The unseasonably warm, sunny weather that we've been having here in Seattle guarantees two things - one, that every Seattleite is going to obsessively spend every available waking second of their day outside, and two, the flip flops are coming out of the closet. While more outside time is undoubtedly fantastic, the flips flops are not so great. Here's a to-the-point blog post from biomechanist and Restorative Exercise™ founder Katy Bowman about why flip flops are bad for your feet, and what you can do to fix the damage they've already caused. I'll let you check that out instead of rehashing what she's already said. Instead, if you're like me, you're probably not excited about tossing your favorite sandals in the garbage, so I thought I'd give you some pointers for choosing healthy-for-your-feet warm weather footwear. My husband will attest to the fact that I have a slight minimalist shoe obsession, so you're in good hands (or feet?).
Here is most of my shoe collection, minus a couple of pairs of boots that I only wear in the coldest and soggiest of downpours. (I know, those shiny pink Mary Janes are the most amazing shoes that you've ever seen!) Other than the fuzzy boots, these are the shoes I wear all spring, summer and fall. Minimalist shoes have come a long way in the last few years and it's likely that you'll be able to find a style that suits your taste. However, they all have a few things in common. If you haven't already been initiated into the wonderful world of minimalist footwear, here are a few terms you'll need to know, as well as a brief description of why they're so important to your health:
Zero drop - This means that the height of the heel is exactly the same as the height of the front of the shoe. This is super important and is one of the key features of minimalist shoes because any sort of elevated heel (even those on an athletic shoe or men's dress shoe - it's not just about high heels!) causes the calf muscles to shorten and the rest of the body to compensate for the fact that you're being pitched forward. This can cause pain in a wide range of areas, from the feet, knees, hips and low back all the way up to the neck.
Wide toe box - The toe box is the front part of the shoe that the toes and balls of your feet occupy. You want it to be wide enough to not only accommodate all your toes comfortably, but to allow them to spread apart while walking. This is what our feet would be doing if we had been walking barefoot all of our lives as nature intended. When you routinely wear a shoe that restricts your foot movement even just a little, you can end up with issues such as bunions, neuralgia, plantar fasciitis and other fun stuff.
Flexible sole - Another key part of keeping your feet (and really your entire body!) working like they should is to let them conform to the ground while you move. This keeps the muscles and joints of the feet mobile and allows the brain to receive accurate information about the surface you're walking on. In turn, this ensures that the rest of your body correctly responds to changes in terrain. Have you ever stepped into a small depression in a grassy field and found yourself thrown completely off balance, maybe twisting an ankle or knee or tweaking your low back? If so, it's likely that the sensory system in your feet has been compromised by years of shoe wearing and is no longer able to do it's job and keep you safe. (FYI, in order to determine if a shoe is truly flexible, check to see if you can fold it in half. No vice clamps allowed! You should be able to do this without much effort, and if not, you might want to consider getting more flexible shoes.)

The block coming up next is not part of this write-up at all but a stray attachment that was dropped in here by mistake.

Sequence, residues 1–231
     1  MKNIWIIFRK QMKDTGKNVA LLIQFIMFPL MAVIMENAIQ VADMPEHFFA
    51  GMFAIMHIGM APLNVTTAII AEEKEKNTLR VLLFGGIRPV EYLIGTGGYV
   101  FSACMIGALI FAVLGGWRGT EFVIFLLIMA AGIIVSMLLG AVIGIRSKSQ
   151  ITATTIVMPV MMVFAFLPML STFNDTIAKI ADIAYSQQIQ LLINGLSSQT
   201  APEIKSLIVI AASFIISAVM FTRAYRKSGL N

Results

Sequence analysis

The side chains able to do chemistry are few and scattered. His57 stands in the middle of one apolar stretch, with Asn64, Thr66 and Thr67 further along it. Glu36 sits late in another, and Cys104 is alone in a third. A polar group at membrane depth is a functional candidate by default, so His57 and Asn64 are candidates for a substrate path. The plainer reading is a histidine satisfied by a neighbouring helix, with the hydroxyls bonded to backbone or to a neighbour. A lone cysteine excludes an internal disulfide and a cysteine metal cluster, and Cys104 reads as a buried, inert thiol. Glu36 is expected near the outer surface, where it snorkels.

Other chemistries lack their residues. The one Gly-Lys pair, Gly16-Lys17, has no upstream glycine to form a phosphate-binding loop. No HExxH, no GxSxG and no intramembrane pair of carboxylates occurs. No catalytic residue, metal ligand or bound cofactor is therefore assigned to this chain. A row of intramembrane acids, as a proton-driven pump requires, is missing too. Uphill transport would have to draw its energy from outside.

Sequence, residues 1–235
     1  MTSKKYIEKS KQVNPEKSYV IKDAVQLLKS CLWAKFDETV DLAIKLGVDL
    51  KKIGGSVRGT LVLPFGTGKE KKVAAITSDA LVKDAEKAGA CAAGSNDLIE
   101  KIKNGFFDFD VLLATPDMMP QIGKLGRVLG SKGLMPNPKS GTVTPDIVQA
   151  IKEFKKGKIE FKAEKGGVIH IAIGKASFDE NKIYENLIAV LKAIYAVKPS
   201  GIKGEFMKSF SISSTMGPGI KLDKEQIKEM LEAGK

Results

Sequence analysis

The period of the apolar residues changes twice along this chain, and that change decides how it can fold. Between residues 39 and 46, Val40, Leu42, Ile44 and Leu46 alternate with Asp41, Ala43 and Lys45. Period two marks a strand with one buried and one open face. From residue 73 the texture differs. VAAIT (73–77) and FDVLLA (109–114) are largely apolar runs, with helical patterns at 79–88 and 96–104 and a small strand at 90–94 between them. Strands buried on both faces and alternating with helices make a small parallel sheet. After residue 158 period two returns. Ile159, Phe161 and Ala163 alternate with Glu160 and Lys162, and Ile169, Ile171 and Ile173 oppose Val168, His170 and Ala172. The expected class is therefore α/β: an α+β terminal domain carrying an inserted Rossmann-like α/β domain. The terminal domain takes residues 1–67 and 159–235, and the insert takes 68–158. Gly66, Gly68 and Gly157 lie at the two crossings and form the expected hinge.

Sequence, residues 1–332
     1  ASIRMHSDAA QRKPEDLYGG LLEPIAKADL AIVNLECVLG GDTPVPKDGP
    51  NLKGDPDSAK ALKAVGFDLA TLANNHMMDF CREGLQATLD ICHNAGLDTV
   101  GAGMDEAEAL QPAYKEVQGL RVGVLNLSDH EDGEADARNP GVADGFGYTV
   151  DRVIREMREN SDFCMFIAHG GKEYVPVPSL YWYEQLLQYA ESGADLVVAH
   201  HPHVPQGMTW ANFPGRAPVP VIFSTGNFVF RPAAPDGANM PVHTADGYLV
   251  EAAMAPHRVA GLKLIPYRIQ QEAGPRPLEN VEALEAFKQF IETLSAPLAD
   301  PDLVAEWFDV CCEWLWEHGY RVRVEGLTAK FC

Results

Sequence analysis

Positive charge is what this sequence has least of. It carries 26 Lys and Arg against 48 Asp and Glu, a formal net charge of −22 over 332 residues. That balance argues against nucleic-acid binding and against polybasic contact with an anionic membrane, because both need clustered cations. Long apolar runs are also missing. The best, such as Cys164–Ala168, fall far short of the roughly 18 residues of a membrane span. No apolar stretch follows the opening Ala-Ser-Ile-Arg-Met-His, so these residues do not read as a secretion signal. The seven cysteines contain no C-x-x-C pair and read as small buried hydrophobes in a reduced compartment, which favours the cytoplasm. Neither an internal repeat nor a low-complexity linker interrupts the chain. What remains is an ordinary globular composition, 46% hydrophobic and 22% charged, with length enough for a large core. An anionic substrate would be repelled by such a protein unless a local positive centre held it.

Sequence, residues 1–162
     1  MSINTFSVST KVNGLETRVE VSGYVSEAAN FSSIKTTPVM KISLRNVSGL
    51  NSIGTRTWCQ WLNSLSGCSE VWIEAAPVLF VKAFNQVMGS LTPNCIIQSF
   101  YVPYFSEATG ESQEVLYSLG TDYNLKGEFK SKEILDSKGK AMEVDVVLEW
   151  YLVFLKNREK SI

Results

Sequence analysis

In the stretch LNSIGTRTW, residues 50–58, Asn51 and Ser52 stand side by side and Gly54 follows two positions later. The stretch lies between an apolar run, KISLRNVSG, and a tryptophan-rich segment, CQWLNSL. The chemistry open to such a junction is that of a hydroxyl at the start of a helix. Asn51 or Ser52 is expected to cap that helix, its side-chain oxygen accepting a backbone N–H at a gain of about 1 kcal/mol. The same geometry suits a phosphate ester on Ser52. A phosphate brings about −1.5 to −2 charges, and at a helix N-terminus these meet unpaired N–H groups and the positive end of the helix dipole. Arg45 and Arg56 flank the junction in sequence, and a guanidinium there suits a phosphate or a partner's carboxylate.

And to finally get back to the thing that inspired this post - it's best to avoid any sort of open shoes such as sandals, slides or slippers (apparently any style of shoe that starts with an 'S') that require you to constantly grip with your toes. Hammertoes, anyone? Here is a great flip-flop alternative that I wear for about five months out of the year, Pacific Northwest drizzle be damned. Thanks to the straps that go around the backs of the heels, my toes get to relax as they were meant to.
As I mentioned, there are tons of minimalist shoes out there now, but here's my shortlist of favorites. Have fun and transition responsibly!
(Speaking of which, the disclaimer from my shoe page bears repeating - while it can be exciting to free your feet for the first time, please take the transition to minimalist shoes/barefoot slowly! If you've been wearing bulky, supportive shoes for most of your life, your feet haven't been asked to do a whole lot, so they're going to need time to stretch, strengthen, and adapt.)